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The role of protein phosphorylation in the regulation of class switch recombination


1 Department of Medical Technology, Faculty of Health Science, Kumamoto Health Science University, Kumamoto, 861-5598, Japan
2 Department of Biomedical Laboratory Sciences, Faculty of Life Sciences, Kumamoto University, Kumamoto, 862-0976, Japan
3 Center for Immunotherapy, Roswell Park Comprehensive Cancer Center, Buffalo, NY 14263, USA

* Address correspondence to: Ryutaro Kajihara, email

BIOCELL 2020, 44(4), 545-558.


Antibody is an important part of adaptive immune system and is produced only by B cells. There are five main classes (IgM, IgD, IgG, IgA, IgE) and some subclasses in antibodies. IgM and IgD are produced by mature naïve B cells. On the other hand, IgG, IgA and IgE are produced by activated antigen-specific B cells via class switch recombination (CSR). CSR is the irreversible DNA rearrangement from upstream to downstream classes in immunoglobulin heavy chain genes. Co-stimulations of CD40 ligand (CD40L) and cytokines are required for induction of CSR by activating several transcription factors. These signal transduction pathways involve many protein phosphorylation. Phosphorylation or dephosphorylation of cellular protein is an important kind of post-translational protein modification in intracellular signal transduction. In the fact, more than one third of the intracellular proteins are said to be transiently phosphorylated in human. A protein kinase is an enzyme that catalyzes the addition of phosphate to substrate protein. Whereas, a protein phosphatase catalyzes the removal of phosphate from the substrate. This review focuses on the mechanism of CSR controlled by protein phosphorylation and dephosphorylation. We provide the role of protein kinase and phosphatase in the regulation of class switch recombination.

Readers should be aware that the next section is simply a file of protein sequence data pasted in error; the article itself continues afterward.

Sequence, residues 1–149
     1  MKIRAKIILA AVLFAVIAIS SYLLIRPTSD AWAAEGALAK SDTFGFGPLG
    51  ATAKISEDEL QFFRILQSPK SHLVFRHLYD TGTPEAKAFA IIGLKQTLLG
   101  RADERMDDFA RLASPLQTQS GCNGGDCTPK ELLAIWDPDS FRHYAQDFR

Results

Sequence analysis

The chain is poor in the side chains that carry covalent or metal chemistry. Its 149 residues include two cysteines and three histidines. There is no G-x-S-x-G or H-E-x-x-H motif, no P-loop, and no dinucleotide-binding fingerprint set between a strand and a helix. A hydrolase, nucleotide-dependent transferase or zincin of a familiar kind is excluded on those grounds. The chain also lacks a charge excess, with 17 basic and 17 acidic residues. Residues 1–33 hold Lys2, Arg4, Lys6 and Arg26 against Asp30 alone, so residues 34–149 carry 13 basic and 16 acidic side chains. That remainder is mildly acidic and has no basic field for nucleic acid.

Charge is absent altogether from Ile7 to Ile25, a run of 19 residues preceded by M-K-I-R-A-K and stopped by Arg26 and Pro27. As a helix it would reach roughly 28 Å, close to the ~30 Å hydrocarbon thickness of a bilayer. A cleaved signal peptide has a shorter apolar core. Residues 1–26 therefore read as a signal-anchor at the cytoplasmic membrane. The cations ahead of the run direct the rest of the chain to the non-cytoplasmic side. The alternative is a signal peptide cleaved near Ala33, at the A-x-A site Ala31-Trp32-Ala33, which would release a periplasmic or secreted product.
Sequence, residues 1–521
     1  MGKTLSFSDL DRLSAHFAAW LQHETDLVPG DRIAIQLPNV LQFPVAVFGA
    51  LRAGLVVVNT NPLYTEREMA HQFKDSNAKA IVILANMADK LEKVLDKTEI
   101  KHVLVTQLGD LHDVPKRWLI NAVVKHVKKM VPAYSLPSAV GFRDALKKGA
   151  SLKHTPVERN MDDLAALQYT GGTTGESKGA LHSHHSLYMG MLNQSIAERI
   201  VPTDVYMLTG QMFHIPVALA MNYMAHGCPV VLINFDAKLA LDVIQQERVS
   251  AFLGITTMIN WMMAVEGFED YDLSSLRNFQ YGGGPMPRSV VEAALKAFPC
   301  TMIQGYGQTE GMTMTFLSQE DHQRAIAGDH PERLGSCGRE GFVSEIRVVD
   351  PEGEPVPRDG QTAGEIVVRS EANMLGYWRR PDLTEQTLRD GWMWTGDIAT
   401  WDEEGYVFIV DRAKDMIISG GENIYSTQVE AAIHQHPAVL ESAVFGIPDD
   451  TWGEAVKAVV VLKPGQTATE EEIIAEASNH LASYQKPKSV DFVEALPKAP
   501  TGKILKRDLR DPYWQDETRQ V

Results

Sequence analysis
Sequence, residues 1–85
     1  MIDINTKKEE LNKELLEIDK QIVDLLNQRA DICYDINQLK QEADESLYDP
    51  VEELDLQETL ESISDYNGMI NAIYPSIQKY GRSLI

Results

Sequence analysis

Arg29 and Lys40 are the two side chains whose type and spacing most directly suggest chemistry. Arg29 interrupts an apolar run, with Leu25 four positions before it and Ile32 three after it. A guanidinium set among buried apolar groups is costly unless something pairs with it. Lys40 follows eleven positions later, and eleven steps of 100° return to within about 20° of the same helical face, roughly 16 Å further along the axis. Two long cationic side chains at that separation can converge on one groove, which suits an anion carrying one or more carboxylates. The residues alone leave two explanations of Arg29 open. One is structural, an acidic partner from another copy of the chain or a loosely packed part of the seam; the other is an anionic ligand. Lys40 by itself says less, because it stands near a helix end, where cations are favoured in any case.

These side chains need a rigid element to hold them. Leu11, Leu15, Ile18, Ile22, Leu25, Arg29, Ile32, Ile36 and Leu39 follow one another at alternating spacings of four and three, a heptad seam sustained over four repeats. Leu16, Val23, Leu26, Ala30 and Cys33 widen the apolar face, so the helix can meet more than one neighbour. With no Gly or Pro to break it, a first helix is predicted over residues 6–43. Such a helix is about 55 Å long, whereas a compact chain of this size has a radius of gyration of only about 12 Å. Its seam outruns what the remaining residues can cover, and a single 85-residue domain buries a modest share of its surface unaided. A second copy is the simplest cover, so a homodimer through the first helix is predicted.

Cite This Article

TANABE, K., KAJIHARA, R. (2020). The role of protein phosphorylation in the regulation of class switch recombination. BIOCELL, 44(4), 545–558.

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